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Downtown Shop Serves Up Classical Spanish Guitars

By Jackie Kostek | November 20, 2012 1:40pm | Updated on November 26, 2012 2:12pm

CHICAGO — Nestled along a bustling commercial strip across from Millennium Park, Jim Sherry’s classical Spanish guitar shop has confused Chicagoans and tourists for decades.

“You can tell right away when people come in the door, they’re not sure if we sell here or if it’s a museum,” said Amy Foley, who has worked at Sherry Brener Classical Guitar Store for ten years.

Foley, 32, said she didn’t expect to work at the guitar shop for as long as she has — but the lifestyle suits her. She can slip into a practice room to play her violin on slow days. Plus, she’s frequently entertained by her boss, who regales her with stories about the people he's met.

“The store is a reflection of his personality, which is very unique,” Foley said with a smile. “It’s just a manifestation of all his experiences and his travels.”

Sherry, 80, opened the store at 266 S. Michigan Ave. in 1983, and counts the late great Spanish classical guitarist Andres Segovia, the late economist Milton Friedman, and virtuoso Yo Yo Ma among his more famous customers.

The shop is long and narrow, with guitars, violins, cellos and harps lining every wall — floor to ceiling. Customers tip-toed around carefully not to accidentally disrupt an instrument’s placement.

“There’s a lot of stuff in here that’s just old and beautiful,” said Jason Solanes, 23, a tourist from Tampa. “It captures music the way it should be.”

In the dimly lit back part of the store, where a practice chair is set up for visitors, Solanes carefully eyes the guitars before settling on an aged American acoustic model.

“A place like this, I feel like I have to play something or my whole visit is a waste,” he said.

While Solanes strummed the guitar through a jazzy improvisation, Sherry showed a Venezuelan family around the shop. In the back of the shop, Sherry put his hand on a small harp.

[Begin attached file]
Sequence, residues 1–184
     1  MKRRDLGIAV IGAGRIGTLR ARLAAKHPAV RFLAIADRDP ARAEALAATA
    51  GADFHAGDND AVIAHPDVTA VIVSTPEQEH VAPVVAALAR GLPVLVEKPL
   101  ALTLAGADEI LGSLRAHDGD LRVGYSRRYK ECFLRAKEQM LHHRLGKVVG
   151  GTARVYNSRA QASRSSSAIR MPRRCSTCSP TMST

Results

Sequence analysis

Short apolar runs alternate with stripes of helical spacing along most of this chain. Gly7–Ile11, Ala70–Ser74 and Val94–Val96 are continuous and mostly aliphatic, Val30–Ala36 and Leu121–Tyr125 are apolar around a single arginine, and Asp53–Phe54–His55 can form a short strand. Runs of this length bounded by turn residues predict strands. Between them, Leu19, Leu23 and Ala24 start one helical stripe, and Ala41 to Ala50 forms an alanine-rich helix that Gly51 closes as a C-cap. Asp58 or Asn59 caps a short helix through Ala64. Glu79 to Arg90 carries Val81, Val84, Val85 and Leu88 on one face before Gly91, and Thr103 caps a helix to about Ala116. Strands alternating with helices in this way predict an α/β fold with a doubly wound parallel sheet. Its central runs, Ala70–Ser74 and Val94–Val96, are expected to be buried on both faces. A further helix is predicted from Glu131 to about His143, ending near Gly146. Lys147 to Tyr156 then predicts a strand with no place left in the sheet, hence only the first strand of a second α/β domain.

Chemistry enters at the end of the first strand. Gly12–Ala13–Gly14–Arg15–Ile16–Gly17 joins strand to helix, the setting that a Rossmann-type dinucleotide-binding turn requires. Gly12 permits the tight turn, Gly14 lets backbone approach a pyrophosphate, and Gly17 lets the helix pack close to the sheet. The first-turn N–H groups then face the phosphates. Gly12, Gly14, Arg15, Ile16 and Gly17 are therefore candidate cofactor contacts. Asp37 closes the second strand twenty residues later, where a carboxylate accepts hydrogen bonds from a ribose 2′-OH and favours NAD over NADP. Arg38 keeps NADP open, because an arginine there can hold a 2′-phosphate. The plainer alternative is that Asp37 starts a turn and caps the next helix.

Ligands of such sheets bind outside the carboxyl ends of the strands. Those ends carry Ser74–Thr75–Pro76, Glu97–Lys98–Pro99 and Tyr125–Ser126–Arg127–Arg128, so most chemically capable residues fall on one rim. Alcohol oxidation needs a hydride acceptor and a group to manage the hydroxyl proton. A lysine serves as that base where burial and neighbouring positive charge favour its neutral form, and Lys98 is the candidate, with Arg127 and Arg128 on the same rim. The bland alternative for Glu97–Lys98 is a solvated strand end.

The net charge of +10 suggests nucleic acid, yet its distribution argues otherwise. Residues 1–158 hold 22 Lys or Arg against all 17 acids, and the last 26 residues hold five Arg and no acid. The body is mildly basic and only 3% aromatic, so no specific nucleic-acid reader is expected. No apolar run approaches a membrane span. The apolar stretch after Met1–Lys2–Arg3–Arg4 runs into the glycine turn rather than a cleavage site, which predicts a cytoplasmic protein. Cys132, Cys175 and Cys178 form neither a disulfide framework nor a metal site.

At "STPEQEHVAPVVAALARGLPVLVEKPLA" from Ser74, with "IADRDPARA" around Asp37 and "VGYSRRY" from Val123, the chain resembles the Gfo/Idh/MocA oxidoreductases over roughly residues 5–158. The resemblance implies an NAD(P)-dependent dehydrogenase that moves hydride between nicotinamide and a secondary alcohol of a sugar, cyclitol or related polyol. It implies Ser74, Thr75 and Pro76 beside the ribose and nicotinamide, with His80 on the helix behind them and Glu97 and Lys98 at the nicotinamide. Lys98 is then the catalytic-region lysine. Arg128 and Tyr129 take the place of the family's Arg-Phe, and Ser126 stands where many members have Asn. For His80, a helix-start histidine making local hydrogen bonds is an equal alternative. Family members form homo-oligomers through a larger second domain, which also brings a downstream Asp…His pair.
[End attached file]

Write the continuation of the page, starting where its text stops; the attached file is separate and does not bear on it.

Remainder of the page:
“I bought this harp set around 25 years ago at a trade show just for decoration; turns out people wanted to buy them,” Sherry said with a laugh. “It’s the easiest instrument to play. There’s a teaching video that says, ‘Play the harp today,’ and they mean it, you can play the harp today!”

Sherry is chock full of anecdotes and stories from his 60 years in the guitar business, which he said he fell into at just the right time.

In 1953, Sherry started importing classical and flamenco guitars from Spain and Japan. In 1960, the guitar boom hit. The Beatles and Elvis Presley didn’t play the kind of Spanish guitars for which Sherry is known, but he said their performances made people interested in all types of guitars.

“We got about a five-year jump on everybody,” said Sherry.

At a glance, American acoustic guitars look no different than Spanish guitars, but Sherry said the difference is in the materials.

“This flamenco guitar has Cyprus back and sides, spruce on top, the fingerboard is ebony, and the neck is Spanish cedar,” Sherry said while pulling one from the wall.

From the beginning, Sherry housed his guitars in a warehouse he still keeps in Marquette Park and sold his imported guitars at trade shows. One year, he sold 3,000 guitars at a four-day convention.

“This type of business was like working a gold mine,” Sherry said.

Today, Sherry’s long-time business partner, Eva Pardee, runs the warehouse, where he keeps his most valuable guitars (worth up to $20,000) in a concrete and steel bank vault. Sherry has five music teachers on staff, and, despite increasing rent on Michigan Avenue, Sherry said he has no plans of retiring.

“I could go anywhere in the world, and do whatever I want to do,” Sherry said. “This is what I like doing so why should I do anything else?”